Blogs - Where is the monument of Yordan Kasabov and the Bulgarian Microelectronics?
Where is the monument of Yordan Kasabov and the Bulgarian Microelectronics?
Perhaps many people know about the inventor of the electronic computer – the second- generation Bulgarian John Vincent Atanasoff. There is a monument of John (some like it, some not) in the very centre of Sofia, the capital of Bulgaria.
Very few people, however, know the role of Bulgaria in the development of the microelectronics behind the Iron Curtain and the role of Professor Yordan Kasabov in all this. Here are few facts:
The first Bulgarian MOSFET and corresponding IC were fabricated in Kasabov’s section “Silicon” in the Physics Institute of the Bulgarian Academy of Science in 1965 only 4 years after the demonstration of the first integrated circuit in the Jay Last's group at Fairchild Semiconductor.
At this very early stage Kasabov and few others managed to convince the Bulgarian Communist Party in the importance of Microelectronics and in 1968 (the same year when Intel was established) Kasabov created the Central Institute of (semiconductor) Elements which in 1973 was renamed the Institute of Microelectronics (IME) Sofia.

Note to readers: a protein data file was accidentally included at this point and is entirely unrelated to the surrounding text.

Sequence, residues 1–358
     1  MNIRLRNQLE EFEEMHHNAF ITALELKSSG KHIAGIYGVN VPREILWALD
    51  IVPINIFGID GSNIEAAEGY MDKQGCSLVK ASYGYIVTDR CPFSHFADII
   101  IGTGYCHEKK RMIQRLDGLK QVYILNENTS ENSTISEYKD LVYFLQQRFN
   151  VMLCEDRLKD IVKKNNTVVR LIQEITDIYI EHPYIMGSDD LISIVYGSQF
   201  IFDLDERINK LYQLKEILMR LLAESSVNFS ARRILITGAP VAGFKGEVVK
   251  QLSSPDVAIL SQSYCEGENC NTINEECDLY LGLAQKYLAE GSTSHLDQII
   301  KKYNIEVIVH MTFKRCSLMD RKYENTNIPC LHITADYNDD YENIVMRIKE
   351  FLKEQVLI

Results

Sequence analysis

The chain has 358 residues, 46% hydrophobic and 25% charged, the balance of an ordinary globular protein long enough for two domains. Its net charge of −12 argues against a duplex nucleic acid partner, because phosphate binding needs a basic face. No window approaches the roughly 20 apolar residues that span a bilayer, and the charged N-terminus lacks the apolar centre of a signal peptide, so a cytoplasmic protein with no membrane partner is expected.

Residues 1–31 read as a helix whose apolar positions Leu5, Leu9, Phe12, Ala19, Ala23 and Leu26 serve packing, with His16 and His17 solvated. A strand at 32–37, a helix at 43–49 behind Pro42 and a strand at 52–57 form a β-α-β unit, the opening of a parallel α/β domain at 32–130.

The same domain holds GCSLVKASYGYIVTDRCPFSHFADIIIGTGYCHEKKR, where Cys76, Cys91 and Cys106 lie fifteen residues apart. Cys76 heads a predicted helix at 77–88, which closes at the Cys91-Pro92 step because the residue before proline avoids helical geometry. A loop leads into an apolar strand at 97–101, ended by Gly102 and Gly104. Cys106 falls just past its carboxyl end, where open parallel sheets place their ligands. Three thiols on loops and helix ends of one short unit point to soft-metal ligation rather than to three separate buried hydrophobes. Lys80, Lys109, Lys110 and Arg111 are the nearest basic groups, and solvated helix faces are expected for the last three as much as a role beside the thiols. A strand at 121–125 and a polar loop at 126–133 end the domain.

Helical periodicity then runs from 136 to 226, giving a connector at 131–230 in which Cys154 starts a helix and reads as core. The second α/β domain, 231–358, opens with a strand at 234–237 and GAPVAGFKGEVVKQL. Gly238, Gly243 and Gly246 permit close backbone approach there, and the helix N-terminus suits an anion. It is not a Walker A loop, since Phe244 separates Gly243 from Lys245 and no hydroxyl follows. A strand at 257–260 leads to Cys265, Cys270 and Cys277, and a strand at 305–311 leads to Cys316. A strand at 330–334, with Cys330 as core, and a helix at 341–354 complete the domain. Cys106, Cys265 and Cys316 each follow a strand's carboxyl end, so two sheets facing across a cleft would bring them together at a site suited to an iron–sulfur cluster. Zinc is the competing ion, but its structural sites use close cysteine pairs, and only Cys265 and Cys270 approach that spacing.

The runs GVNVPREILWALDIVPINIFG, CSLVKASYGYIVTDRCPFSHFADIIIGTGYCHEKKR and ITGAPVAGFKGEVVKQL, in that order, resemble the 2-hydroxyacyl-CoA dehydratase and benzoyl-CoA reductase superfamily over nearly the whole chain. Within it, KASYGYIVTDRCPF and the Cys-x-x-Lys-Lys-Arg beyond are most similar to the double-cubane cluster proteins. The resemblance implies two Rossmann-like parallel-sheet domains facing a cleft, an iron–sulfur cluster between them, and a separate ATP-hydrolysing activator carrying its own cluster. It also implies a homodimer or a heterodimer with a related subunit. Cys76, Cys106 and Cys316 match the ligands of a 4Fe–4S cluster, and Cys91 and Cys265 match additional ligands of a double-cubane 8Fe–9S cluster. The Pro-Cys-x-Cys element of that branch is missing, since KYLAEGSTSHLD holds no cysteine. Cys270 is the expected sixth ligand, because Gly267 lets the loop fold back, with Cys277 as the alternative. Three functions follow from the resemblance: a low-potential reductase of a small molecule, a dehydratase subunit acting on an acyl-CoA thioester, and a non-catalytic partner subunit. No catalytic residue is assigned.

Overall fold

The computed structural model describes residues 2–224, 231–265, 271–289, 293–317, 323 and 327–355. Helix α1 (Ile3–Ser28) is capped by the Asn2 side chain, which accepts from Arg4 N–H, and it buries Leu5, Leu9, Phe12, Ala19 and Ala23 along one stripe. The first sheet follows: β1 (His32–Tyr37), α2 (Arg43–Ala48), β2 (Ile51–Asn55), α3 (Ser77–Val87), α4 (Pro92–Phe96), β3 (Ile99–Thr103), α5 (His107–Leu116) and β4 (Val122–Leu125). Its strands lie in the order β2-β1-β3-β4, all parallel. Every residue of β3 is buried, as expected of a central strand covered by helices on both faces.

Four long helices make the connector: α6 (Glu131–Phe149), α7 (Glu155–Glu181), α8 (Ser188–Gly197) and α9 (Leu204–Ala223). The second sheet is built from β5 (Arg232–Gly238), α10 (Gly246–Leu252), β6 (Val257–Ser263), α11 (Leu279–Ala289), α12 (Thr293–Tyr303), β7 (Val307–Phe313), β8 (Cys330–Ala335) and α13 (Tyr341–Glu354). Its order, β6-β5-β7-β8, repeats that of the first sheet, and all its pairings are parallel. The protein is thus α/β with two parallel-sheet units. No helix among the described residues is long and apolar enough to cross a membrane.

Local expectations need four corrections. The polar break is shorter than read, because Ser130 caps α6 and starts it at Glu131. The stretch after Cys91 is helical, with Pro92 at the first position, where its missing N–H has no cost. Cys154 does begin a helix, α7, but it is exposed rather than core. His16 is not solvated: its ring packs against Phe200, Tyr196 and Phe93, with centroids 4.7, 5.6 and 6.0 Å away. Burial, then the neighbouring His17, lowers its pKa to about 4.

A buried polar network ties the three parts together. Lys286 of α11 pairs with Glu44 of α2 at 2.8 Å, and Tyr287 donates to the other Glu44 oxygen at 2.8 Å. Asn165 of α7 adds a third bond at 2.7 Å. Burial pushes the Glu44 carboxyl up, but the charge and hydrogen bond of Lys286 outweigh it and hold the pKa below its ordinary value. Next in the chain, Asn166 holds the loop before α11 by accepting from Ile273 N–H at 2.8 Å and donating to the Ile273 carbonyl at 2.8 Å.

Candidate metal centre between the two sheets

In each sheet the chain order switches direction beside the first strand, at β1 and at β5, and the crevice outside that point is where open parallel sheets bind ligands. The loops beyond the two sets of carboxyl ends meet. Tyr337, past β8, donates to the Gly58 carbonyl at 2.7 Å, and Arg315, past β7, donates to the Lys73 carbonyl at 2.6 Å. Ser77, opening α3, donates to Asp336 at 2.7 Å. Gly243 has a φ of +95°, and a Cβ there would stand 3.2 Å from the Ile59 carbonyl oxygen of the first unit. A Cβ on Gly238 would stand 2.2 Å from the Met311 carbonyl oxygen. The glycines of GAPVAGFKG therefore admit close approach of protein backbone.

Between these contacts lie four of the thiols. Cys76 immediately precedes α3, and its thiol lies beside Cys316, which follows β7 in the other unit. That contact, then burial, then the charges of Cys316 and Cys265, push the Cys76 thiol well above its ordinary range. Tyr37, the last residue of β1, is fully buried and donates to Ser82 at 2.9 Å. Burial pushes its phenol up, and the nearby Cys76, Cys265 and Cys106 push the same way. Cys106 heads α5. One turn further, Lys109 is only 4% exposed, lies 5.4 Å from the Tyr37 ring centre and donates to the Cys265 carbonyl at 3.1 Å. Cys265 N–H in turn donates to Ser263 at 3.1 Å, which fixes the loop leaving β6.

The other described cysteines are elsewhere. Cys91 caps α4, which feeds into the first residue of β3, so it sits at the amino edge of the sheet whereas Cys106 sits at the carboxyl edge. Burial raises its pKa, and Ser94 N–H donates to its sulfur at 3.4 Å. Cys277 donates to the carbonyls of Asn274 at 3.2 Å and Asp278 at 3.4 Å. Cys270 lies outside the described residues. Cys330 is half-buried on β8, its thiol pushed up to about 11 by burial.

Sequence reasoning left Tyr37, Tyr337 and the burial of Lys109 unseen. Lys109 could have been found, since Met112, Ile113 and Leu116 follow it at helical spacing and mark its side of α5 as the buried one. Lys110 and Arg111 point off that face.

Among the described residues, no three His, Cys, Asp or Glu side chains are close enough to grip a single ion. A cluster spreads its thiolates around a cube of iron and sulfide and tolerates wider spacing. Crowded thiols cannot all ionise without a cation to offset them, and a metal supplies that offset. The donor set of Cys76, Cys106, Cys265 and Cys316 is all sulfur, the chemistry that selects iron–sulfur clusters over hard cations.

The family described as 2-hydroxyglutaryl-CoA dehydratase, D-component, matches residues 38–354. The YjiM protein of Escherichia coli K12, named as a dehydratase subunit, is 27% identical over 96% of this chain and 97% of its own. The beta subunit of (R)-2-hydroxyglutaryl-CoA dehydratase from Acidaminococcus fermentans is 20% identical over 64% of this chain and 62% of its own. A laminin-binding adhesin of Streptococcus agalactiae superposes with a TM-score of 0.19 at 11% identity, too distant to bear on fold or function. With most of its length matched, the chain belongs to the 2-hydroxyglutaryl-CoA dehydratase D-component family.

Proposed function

Global recognition of Bulgarian electronics and technology was the winning of a gold medal at the Osaka World Show in 1970 for the electronic calculator Elka 42 based on Bulgarian MOS integrated circuits.
Kasabov established the annual International School “Physical Problems in Microelectronics”, perhaps the only forum when in the early microelectronics years experts from the West and the East can meet and exchange ideas.
When I joined IME in 1979 it had more staff than IMEC now. What happened after that is another story.